CALGARY, Jan. 26, 2015 /CNW/ - Court of Queen's Bench Justice C.S. Anderson has ruled that Securities Act (Alberta) provisions allowing the Alberta Securities Commission (ASC) to compel information during a regulatory investigation and provide it to foreign agencies do not violate the Canadian Charter of Rights and Freedoms.
In 2012, the ASC served Scott Beaudette with a Summons requiring him to produce documents and to attend an examination as part of an ASC investigation. Mr. Beaudette refused to attend his examination, claiming the ASC would not provide written assurances that his evidence would not be shared with U.S. regulatory or law enforcement agencies without prior notice to him. In response to an ASC application in Court for his contempt, Mr. Beaudette then filed an application challenging the constitutionality of the ASC powers to compel evidence and share it with other agencies.
After concluding that there is at least some possibility that Mr. Beaudette could be prosecuted in the United States, the Court held that "what evidence may be used against him in any such prosecution is a matter of criminal procedure and is therefore within the exclusive authority of the U.S."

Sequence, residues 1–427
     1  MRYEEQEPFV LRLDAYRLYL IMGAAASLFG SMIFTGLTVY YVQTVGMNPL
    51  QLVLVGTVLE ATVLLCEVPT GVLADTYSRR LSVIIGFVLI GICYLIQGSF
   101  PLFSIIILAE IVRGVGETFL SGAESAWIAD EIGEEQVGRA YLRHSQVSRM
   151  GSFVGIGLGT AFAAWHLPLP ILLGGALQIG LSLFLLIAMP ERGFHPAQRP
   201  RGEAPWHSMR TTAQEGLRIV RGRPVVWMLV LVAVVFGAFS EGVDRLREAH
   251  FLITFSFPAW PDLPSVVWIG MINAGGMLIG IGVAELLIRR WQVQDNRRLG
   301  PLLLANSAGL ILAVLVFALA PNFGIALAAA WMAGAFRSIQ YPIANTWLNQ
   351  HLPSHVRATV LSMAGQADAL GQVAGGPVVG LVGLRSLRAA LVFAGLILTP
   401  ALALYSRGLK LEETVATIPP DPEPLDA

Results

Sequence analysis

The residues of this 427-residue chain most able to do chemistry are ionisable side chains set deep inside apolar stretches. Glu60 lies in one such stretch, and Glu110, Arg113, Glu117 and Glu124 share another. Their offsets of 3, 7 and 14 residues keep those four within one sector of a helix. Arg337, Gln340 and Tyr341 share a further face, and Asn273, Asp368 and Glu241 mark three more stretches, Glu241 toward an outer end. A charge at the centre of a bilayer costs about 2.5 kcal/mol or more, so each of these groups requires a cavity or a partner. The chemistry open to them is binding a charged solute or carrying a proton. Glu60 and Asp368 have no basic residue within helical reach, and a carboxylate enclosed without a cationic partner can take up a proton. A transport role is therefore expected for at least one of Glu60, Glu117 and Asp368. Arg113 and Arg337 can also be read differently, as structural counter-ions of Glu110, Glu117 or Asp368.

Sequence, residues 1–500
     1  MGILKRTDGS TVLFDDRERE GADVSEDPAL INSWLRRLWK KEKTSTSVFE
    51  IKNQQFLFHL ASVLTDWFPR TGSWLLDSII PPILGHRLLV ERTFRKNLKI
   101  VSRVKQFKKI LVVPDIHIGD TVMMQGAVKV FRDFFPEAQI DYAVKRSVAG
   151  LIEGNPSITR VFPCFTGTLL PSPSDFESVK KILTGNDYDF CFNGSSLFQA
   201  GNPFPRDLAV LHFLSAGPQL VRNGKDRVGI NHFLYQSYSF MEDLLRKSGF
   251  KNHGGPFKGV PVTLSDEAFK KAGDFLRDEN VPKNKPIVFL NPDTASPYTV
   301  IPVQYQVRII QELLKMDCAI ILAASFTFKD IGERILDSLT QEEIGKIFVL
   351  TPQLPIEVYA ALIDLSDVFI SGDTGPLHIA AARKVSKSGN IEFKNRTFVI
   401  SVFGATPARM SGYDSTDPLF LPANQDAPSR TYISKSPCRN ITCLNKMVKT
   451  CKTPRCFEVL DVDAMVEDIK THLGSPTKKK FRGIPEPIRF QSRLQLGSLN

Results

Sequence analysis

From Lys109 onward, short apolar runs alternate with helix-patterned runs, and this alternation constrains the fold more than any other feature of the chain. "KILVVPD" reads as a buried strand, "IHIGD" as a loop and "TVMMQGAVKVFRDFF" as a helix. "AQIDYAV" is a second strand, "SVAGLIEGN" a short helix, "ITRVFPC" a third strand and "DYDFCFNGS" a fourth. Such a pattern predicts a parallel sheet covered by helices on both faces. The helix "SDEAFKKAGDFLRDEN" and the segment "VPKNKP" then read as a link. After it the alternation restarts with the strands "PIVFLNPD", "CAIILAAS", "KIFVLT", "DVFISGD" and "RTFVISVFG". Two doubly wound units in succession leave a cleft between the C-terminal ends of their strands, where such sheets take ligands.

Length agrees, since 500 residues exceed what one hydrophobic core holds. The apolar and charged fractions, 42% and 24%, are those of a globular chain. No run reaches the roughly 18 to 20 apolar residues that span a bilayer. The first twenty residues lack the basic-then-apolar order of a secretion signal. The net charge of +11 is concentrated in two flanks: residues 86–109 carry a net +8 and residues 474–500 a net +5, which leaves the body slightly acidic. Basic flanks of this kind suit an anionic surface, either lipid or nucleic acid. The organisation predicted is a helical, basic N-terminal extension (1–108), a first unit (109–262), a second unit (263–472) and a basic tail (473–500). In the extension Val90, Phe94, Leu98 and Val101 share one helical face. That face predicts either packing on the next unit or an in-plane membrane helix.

Justice Anderson relied upon principles articulated by the Supreme Court of Canada striking a balance "between an individual's reasonable expectation of privacy and the state's legitimate interest in obtaining and sharing information" and the fact that "the reasonable expectation of privacy in the heavily regulated securities industry is low." Based on these principles, Justice Anderson found that "the appropriate balance in this case, with its much lower expectation of privacy, also allows for the contemplated sharing of information."
The ASC is the regulatory agency responsible for administering the province's securities laws. It is entrusted with fostering a fair and efficient capital market in Alberta and with protecting investors. As a member of the Canadian Securities Administrators, the ASC works to improve, coordinate and harmonize the regulation of Canada's capital markets.
SOURCE Alberta Securities Commission